Investigators gave more details about the positive results of the Partners PrEP Study Tuesday at the 19th Conference on Retroviruses and Opportunistic Infections in Seattle. The study of 4,700 HIV discordant couples (where one partner is HIV-infected and the other is not) looked at the potential of two different antiretrovirals for pre-exposure prophylaxis (PrEP) for HIV-1 prevention versus a placebo among heterosexual men and women in rural and urban Kenya and Uganda. A data safety monitoring board recommended a discontinuation of the placebo arm in July 2011 due to definitive protection shown in the active drug arms of the study.
Dr. Jared Baeten, of the University of Washington in Seattle, presented the primary efficacy results of the PrEP interventions versus the placebo outcomes of the trial so far. During the course of the study 96 HIV-1 seroconversions occurred – 14 of which were retrospectively found to be HIV-1 infected at study enrollment, leaving 82 infections during the course of the trial. The placebo group had a significantly higher rate of infection with 52 of the total infections, leaving 13 infections in the FTC/TDF arm and 17 in the TDF only arm. That translates into 75 percent protection in the FTC/TDF arm and 67 percent in the TDF only arm as compared to the placebo.
Even looking at the sub-groups in the study that were considered at higher-risk of HIV infection, the study team found similar efficacy of the drugs in preventing transmission, Baeten said.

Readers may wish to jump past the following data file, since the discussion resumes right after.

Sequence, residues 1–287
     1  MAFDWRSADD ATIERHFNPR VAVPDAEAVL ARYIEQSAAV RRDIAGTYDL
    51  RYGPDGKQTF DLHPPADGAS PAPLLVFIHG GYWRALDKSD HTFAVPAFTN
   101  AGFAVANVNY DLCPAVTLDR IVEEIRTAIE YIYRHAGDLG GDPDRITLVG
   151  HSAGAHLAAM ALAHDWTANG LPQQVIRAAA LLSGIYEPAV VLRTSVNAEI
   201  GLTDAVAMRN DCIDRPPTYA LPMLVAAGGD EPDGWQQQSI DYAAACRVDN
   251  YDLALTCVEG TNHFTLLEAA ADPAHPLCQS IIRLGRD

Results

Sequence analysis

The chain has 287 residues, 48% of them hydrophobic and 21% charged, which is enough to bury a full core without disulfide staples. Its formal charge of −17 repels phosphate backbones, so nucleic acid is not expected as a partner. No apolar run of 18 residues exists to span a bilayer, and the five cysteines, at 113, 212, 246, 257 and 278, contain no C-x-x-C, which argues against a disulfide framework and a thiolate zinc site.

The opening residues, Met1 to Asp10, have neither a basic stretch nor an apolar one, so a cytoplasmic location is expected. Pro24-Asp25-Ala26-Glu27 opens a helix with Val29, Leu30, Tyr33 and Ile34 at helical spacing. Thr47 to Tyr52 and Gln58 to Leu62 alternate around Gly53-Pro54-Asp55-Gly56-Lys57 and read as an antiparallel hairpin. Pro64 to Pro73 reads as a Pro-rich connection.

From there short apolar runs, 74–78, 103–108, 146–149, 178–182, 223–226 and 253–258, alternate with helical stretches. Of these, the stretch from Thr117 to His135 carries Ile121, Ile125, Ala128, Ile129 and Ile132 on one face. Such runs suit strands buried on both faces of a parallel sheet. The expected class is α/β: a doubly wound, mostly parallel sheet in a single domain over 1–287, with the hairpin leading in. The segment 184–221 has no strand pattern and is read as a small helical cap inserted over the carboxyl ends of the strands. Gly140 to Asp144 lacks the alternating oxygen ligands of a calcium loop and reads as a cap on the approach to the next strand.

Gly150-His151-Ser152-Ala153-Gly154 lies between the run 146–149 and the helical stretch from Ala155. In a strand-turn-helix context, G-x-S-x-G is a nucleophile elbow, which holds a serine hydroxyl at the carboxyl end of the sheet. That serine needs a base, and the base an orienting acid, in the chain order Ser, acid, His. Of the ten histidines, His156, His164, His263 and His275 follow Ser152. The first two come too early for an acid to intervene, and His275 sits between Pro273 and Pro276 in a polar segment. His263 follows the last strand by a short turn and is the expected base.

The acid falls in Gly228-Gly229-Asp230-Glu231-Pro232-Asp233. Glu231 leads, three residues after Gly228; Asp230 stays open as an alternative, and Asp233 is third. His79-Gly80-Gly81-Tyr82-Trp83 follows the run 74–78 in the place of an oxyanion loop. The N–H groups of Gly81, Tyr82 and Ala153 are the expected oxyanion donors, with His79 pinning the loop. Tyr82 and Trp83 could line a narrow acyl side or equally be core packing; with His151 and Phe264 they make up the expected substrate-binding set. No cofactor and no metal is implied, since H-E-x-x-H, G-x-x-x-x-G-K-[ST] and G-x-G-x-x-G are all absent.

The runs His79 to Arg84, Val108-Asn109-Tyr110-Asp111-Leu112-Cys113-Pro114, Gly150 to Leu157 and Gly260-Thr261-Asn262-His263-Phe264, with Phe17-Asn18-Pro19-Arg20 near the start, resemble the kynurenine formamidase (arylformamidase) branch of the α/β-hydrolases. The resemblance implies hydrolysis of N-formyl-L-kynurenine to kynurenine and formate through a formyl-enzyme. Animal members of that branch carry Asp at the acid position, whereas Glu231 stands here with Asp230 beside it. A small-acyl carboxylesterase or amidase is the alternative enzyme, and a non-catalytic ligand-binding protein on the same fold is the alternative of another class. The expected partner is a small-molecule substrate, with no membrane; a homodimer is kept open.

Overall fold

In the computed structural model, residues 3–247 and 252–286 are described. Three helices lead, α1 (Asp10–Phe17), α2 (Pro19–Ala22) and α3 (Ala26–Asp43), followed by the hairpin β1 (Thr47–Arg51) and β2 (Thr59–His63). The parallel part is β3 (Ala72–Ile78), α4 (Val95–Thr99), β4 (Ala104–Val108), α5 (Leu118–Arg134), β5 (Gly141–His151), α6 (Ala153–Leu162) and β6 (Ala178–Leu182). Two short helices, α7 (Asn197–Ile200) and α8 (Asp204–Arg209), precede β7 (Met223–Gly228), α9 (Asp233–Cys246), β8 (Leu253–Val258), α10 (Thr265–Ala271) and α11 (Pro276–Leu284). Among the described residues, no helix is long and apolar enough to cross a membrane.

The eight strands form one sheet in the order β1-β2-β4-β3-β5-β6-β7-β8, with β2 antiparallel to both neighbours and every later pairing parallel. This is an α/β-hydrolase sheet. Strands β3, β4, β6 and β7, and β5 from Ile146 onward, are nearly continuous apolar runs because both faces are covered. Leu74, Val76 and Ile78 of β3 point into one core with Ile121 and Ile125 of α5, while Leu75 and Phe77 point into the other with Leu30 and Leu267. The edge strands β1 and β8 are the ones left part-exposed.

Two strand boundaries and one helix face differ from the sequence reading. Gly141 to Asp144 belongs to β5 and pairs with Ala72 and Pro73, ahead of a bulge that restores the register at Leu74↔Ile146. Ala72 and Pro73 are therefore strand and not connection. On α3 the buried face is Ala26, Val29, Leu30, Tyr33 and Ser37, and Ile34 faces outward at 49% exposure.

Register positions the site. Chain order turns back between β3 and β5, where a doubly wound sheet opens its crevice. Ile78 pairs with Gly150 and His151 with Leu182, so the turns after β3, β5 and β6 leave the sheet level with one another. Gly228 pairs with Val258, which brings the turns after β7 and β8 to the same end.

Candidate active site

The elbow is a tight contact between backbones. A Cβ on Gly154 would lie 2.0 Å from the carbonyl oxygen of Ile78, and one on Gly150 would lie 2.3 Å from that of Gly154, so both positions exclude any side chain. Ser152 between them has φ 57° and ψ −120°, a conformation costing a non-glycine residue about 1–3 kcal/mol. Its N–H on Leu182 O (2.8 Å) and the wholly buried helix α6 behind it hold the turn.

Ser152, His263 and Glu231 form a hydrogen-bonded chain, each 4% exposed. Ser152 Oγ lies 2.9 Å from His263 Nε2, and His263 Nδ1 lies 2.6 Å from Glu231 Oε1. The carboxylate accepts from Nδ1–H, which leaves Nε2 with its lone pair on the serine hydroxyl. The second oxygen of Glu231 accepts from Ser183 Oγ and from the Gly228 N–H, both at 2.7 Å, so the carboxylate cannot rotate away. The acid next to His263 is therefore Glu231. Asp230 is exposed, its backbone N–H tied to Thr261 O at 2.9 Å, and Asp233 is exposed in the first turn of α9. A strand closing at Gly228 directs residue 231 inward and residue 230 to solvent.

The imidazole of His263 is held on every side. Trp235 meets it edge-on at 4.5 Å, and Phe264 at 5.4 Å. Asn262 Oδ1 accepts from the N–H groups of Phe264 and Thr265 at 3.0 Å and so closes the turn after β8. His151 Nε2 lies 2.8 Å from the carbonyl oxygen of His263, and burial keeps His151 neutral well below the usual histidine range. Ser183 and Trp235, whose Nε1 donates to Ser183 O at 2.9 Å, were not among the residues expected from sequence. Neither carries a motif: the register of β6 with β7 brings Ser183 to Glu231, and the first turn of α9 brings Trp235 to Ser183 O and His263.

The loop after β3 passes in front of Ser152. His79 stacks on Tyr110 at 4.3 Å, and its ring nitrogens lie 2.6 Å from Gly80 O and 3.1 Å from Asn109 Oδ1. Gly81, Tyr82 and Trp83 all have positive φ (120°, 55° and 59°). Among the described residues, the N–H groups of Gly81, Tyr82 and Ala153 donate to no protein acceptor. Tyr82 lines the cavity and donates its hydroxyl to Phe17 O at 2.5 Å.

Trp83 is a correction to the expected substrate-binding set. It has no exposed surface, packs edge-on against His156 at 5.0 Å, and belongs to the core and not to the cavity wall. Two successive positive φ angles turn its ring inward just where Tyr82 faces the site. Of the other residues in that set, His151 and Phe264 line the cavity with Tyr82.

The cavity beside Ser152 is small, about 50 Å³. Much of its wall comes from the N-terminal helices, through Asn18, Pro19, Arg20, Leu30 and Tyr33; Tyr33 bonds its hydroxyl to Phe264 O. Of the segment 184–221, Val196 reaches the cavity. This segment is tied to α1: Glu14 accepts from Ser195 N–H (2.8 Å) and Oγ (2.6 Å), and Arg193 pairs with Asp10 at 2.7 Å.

Although the majority of HIV uninfected persons who enrolled in the trial were men, the majority of infections occurred in women (45 of the 82 infections that occurred during the study). At enrollment 27 percent of couples reported unprotected sex in the past month. That declined during follow up and was similar across the study arms, hinting at the importance of the other HIV prevention services offered in the trial, which included safe sex counseling, HIV testing, free condoms, and testing and treatment for other sexually transmitted infections. There was also no evidence of behavioral risk compensation.
Adherence to study medication was very high among all groups – more than 97 percent of dispensed doses of the study medications were taken, and more than 95 percent of participants were retained in study follow up.
The active drug arms of the study are ongoing and will wrap up at the end of this year. They tested placebo arm for evidence of drug – and no suggestion of sharing has been found so far.